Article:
Moulin Rouge (French for Red Mill or windmill) is a traditional cabaret, built in 1889 by Joseph Oller, who already owned the Paris Olympia. Situated in the red-light district of Pigalle on Boulevard de Clichy in the 18th arrondissement, near Montmartre, Paris, France, it is recognized by the large red imitation windmill on its roof. Over the past hundred years, the Moulin Rouge has remained a popular tourist destination, offering musical dance entertainment for adult visitors from around the world. Much of the romance from turn-of-the-century France is still present in the club's decor. Notable performers at the Moulin Rouge have included La Goulue, Josephine Baker, Frank Sinatra, Yvette Guilbert, Jane Avril, Mistinguett, Le Pétomane, Édith Piaf and others. The Moulin Rouge was also the subject of paintings by post-impressionist painter Toulouse Lautrec. Moulin Rouge was also the title of a book by Pierre La Mure, which was adapted as a 1952 film called Moulin Rouge, starring Jose Ferrer and Zsa-Zsa Gabor. Several other films have had the same title, including 2001's Moulin Rouge!, starring Ewan McGregor and Nicole Kidman. Both the 1952 and 2001 films were nominated for the Academy Award for Best Picture.
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Moulin Rouge is a 1952 film directed by John Huston, produced by Sir John Woolf and James Woolf of Romulus Films and released by United Artists. The film is set in Paris in the late 19th century, following artist Henri de Toulouse-Lautrec in the city's bohemian sub-culture in and around the burlesque palace, the Moulin Rouge. The screenplay is by Huston, based on the novel by Pierre La Mure. The cinematography was by Oswald Morris. The film stars José Ferrer as Toulouse-Lautrec, with Zsa Zsa Gabor as Jane Avril, Suzanne Flon, Eric Pohlmann, Colette Marchand, Christopher Lee, Michael Balfour, Peter Cushing, Katherine Kath as La Goulue, Theodore Bikel and Muriel Smith.
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Les Apaches were members of a Parisian underworld subculture during the late 1800s and early 1900s. Apaches were so called because their alleged savagery was compared with that attributed by Europeans to the Native American tribes of Apaches. The Apaches were especially associated with the Montmartre district of Paris, which was also home to the famous Moulin Rouge dance hall and nightclub. During their heyday, the prospect of being mugged or otherwise assaulted by Apache gangsters was especially feared by members of the emergent bourgeois middle class. Some of the gangs used a unique type of pistol which was named the "Apache revolver" or "Apache pistol": a pinfire cartridge revolver with no barrel, a set of foldover brass knuckles for a handgrip, and a folding knife mounted right underneath the revolver drum for use as a stabbing weapon.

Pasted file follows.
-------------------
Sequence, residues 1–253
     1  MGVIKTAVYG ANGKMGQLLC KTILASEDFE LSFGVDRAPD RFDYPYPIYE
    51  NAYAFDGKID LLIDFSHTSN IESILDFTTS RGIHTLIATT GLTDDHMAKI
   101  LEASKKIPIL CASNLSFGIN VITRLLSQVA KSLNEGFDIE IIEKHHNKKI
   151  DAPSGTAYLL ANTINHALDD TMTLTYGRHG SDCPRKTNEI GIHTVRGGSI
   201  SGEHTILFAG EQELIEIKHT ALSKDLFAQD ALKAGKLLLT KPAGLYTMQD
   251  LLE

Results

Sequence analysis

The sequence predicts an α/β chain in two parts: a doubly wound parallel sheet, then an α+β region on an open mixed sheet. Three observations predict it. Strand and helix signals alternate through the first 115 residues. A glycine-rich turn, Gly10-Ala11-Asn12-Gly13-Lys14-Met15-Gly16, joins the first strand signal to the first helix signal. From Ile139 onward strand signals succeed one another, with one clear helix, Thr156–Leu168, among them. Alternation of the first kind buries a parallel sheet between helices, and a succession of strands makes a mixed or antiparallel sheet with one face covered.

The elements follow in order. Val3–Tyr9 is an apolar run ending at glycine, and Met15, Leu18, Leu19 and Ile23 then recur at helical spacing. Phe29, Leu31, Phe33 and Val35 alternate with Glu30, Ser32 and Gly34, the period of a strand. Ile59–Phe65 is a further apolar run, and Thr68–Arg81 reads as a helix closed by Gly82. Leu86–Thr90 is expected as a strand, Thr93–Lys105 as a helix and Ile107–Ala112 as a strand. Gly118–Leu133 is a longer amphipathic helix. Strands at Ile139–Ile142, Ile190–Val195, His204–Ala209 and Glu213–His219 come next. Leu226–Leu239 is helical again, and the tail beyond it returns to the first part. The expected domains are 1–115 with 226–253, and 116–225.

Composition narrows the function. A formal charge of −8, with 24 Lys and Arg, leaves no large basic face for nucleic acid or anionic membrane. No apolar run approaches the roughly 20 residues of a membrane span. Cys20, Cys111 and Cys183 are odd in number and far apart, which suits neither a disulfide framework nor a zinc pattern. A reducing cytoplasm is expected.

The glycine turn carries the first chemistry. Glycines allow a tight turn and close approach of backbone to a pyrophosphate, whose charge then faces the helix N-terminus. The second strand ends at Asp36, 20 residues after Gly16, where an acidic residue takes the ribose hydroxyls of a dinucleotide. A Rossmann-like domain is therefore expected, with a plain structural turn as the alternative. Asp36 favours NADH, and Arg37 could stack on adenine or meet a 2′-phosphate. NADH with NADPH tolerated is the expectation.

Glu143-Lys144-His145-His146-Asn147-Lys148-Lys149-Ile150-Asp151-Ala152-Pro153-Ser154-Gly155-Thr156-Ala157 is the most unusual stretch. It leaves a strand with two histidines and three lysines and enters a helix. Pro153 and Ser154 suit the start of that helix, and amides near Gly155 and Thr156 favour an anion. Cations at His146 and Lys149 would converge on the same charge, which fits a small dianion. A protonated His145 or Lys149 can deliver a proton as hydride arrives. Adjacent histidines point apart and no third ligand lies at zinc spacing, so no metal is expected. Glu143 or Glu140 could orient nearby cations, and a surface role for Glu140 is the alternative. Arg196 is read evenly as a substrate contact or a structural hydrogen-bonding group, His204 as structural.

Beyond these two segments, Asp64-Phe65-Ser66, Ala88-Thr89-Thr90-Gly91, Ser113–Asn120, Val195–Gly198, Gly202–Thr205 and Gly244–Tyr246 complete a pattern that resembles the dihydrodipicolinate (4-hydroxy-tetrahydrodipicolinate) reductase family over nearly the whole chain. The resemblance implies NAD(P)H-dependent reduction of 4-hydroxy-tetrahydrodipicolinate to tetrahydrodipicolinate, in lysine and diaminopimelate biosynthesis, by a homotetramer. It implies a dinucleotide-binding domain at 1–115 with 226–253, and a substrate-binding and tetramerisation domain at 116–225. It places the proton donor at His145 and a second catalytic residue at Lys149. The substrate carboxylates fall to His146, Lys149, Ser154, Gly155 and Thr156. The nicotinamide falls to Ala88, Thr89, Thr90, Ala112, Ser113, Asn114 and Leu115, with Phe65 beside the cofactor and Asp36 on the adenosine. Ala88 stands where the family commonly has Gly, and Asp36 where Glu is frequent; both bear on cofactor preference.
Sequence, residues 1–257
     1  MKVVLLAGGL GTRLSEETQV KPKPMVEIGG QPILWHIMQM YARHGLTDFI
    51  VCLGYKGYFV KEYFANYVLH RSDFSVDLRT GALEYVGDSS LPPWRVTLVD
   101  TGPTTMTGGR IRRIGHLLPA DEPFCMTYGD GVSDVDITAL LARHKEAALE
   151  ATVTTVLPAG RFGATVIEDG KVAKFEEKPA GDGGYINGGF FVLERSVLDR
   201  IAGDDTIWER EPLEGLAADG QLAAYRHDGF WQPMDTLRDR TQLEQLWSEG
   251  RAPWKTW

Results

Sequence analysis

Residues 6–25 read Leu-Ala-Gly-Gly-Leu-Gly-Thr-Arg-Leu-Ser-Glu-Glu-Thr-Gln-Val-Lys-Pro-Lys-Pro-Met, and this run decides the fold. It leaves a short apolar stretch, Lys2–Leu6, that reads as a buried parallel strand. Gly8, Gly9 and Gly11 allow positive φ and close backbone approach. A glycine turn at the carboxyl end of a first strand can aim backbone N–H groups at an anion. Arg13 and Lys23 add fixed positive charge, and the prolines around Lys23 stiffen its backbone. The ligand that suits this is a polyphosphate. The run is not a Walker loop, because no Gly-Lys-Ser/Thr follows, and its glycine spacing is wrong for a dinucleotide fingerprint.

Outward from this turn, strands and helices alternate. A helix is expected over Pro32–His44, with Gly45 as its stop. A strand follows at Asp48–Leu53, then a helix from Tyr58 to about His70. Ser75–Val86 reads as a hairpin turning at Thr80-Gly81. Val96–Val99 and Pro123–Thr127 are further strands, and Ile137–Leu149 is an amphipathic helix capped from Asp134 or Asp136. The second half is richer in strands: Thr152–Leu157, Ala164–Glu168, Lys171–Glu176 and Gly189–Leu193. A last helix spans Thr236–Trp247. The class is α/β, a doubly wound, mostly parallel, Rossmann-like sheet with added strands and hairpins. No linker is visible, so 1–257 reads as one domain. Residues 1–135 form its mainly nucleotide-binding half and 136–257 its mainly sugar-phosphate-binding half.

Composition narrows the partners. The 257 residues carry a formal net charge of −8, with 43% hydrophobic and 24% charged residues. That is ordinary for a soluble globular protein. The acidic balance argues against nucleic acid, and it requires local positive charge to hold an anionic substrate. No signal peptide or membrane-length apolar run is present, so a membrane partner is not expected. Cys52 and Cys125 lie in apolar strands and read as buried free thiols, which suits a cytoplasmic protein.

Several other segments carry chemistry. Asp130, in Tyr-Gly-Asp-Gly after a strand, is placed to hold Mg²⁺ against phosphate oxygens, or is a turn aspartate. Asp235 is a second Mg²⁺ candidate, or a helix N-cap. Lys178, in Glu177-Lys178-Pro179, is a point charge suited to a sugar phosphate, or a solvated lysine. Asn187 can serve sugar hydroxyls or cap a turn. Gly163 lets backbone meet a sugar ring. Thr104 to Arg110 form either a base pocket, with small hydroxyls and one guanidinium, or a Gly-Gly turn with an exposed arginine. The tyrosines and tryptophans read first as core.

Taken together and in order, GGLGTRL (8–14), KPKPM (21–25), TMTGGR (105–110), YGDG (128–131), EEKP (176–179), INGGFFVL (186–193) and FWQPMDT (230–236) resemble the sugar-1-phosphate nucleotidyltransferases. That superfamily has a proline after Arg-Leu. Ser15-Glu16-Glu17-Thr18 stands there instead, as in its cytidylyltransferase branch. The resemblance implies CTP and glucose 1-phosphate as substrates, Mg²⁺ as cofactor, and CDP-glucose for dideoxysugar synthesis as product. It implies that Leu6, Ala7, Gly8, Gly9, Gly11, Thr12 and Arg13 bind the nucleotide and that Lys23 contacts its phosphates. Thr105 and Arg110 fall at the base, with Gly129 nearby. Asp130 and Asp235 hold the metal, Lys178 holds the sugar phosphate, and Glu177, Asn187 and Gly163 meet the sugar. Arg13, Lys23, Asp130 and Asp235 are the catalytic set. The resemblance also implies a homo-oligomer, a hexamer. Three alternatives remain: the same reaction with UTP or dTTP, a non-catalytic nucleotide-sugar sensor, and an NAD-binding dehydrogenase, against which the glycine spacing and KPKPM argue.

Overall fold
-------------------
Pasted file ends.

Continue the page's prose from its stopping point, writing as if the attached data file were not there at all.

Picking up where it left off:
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Les Vampires is a 1915 10-part silent film serial. It was written and directed by Louis Feuillade and stars Musidora as "Irma Vep" a femme fatale whose name is a suspicious anagram of "vampire." The serial is set in Paris, France and follows the exploits of a gang of master criminals who call themselves "Les Vampires." There are 10 episodes, averaging around 40 minutes each; it is about 6 and a half hours total. The story of the 1996 movie Irma Vep features an attempt to remake Les Vampires.
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Le Chat Noir (French for "The Black Cat") was a 19th-century cabaret in the bohemian Montmartre district of Paris. It was opened on 18 November 1881 at 84 Boulevard Rouchechouart by the artist Rodolphe Salis, and closed in 1897 (much to the disappointment of Picasso and others who looked for it when they came to Paris for the Exposition in 1900). Its imitators have included cabarets from St. Petersburg (The Stray Dog) to Barcelona (Els Quatre Gats). There is a "Black Cat" cafe in the City of Corfu, Greece, next to the sea on the main street between the (new) harbor and the center of town, and a quite conventional tourist restaurant called "Au Chat Noir" in the center of Brussels. Perhaps best known now by its iconic Théophile-Alexandre Steinlen poster art, in its heyday it was a bustling nightclub — part artist salon, part rowdy music hall, partially due to an illegal piano. The cabaret published its own journal Le Chat Noir. It began as a small, two room affair, but within three and a half years its popularity forced it to move into larger accommodations a few doors down. Salis most often played, with exaggerated, ironic politeness, the role of conférencier (post-performance lecturer, or MC). It was here that the Salon des Arts Incohérents (Salon of Incoherent Arts), the "shadow plays" and the comic monologues got their start. According to Salis: "The Chat Noir is the most extraordinary cabaret in the world. You rub shoulders with the most famous men of Paris, meeting there with foreigners from every corner of the world." Fulcanelli, the 20th century alchemist, states (in les demeures philosophales, (American edition; archive press; 1999, page 199, and in le Mystere des Cathedrales)in a discussion of the esoteric significance of black cats and their role in Egyptian religion, where they were related to the Ka soul and are described as an alchemical example in nature worth following) that the name was chosen for its esoteric significance, and that the cabaret doubled as a magico-political training and disemination centre, encouraging young artists to create with the divine and alchemical fire. He describes it as a Janus like entity, doubling a serious politico-religious side as a power centre with a frivolous party and cabaret side, attracting the powerful and creative people of the day. This would not be unusual, considering other similar alleged connections, examples including Shakespeare's globe (described as a magical memory theatre made flesh, with many esoteric and political ramifications and magical roles, like the bard's plays, and discussed in detail by the late dame Frances Yates of the Warburg institute in various works) or the connections between the brotherhood of eternal love, Owsley (of orange sunshine fame) and the Grateful Dead (in their early days) in the late 1960's. Debussy is alleged to have been grand master of the Priory of Sion, and Verlaine also dabbled in the occult, giving something to hang these allegations on.